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jdavidb (1361)

jdavidb
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http://voiceofjohn.blogspot.com/

J. David Blackstone has a Bachelor of Science in Computer Science and Engineering and nine years of experience at a wireless telecommunications company, where he learned Perl and never looked back. J. David has an advantage in that he works really hard, he has a passion for writing good software, and he knows many of the world's best Perl programmers.

Journal of jdavidb (1361)

Friday February 08, 2008
11:48 AM

Java gem^W workaround of the day: Stream to String

[ #35615 ]

Yesterday I lamented that far too many Java APIs put useful data into a stream but fail to offer me an accessor method to obtain the data as a String. Today I know how to get that data as a String.

The secret is the ByteArrayOutputStream class. You "print" to this stream, then call toString() on it to get the String. Or you can call toByteArray() if you need that for some reason.

This looks like a painful extra step to my normal way of thinking, but I can see that a case might somehow be made that it is more flexible design, since the mechanism exists to take any method that outputs to streams and obtain the data in a String. I guess having methods that are inappropriately coupled to streams seems convenient when it's so inconvenient to access streams.

All I wanted to do yesterday was send the little chunk of XML I'd manipulated to log4j so I could see it in a test run and make sure it was right without having to write it to a file and go open the file to look at it. I think logging is a perfect example of why there ought to be accessors like this for every piece of data, rather than methods that force you to output.

Minimize side effects!

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  • The problem with doing things like this is that you are completely ignoring the encoding. Encoding is one of the reason why there are parallel IO hierarchies in Java: InputStream [sun.com]/OutputStream [sun.com] vs Reader [sun.com]/Writer [sun.com]. The latter understand characters, the former understand bytes. Unfortunately, every time you go near a Reader/Writer, you need to specify a character encoding. As a rule, I try to prefer Reader/Writer where I can.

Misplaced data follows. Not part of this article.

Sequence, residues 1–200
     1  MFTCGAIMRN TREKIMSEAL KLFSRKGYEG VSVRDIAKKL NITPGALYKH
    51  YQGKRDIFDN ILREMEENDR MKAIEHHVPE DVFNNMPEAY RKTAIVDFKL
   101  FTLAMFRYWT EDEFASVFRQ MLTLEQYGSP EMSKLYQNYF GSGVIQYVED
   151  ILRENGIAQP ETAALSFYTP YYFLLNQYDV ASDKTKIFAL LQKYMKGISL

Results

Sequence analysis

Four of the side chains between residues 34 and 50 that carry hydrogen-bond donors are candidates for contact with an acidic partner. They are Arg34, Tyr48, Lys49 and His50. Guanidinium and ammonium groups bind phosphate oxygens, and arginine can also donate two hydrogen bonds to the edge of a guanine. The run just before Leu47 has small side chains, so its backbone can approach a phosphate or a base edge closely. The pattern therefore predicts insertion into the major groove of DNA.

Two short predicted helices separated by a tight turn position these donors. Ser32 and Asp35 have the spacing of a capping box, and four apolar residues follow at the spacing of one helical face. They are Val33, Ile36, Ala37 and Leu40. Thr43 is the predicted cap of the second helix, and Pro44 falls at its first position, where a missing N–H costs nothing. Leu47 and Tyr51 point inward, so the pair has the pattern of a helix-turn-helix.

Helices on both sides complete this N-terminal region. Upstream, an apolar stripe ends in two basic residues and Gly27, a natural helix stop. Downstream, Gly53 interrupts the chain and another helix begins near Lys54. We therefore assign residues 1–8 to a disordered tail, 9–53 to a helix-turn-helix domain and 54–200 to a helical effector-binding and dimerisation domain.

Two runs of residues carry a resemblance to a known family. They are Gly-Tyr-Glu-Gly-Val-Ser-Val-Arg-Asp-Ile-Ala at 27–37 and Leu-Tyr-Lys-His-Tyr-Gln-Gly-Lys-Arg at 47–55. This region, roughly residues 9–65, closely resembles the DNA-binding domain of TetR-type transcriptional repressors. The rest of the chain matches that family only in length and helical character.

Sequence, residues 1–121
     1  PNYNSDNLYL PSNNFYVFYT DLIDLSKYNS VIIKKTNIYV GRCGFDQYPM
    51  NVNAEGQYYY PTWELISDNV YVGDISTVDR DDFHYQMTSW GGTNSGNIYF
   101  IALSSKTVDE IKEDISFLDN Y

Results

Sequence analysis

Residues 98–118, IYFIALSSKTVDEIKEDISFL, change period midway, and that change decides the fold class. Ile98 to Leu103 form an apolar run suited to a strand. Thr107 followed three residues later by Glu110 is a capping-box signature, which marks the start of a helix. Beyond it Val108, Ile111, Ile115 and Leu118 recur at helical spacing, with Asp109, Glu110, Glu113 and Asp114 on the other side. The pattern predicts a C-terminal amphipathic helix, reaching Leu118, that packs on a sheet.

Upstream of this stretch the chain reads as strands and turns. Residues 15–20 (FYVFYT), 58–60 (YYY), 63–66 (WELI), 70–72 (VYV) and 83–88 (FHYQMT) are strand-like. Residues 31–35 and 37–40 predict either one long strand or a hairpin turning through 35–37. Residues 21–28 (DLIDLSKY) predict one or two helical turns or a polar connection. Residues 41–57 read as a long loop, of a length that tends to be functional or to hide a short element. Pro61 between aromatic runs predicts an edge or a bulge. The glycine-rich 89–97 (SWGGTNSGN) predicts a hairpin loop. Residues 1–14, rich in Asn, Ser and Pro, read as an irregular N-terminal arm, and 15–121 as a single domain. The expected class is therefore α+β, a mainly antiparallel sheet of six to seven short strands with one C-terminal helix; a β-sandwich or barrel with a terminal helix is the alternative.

Classes to look at:

    • The commons io [apache.org] library has implementations for useful stuff like this -- see IOUtils#toString() for a stream (with default encoding or with a specified one).
      • Thanks for the pointer!

        --
        J. David works really hard, has a passion for writing good software, and knows many of the world's best Perl programmers
    • Thank you for the useful information!

      For the record, ByteArrayOutputStream.toString() does offer a version which specifies the character encoding as a parameter. But that's definitely something I wasn't thinking about (especially since I just wanted it for logging). My personal wiring is probably far too close to Paul Graham's recent unforgivable sin in making Arc ASCII-only for the taste of people around here, or anyone steeped in Java. It's something I'd prefer to leave as Somebody Else's Problem as

      --
      J. David works really hard, has a passion for writing good software, and knows many of the world's best Perl programmers
      • As to thinking about encodings, I'm completely in agreement with you — everything should use UTF-8!
  • …Scheme:

    (let ((str (with-output-to-string
                 (write exprs))))
      (do-something-to str))
    --
    Ordinary morality is for ordinary people. -- Aleister Crowley
    • Or IO::Scalar in Perl. :)

      --
      J. David works really hard, has a passion for writing good software, and knows many of the world's best Perl programmers
      • You no longer need IO::Scalar since perl 5.8. Plain old open will now accept a scalar ref:

          my $str
          open my $fh, '>', \$str;
        • Cool! Thank you!

          --
          J. David works really hard, has a passion for writing good software, and knows many of the world's best Perl programmers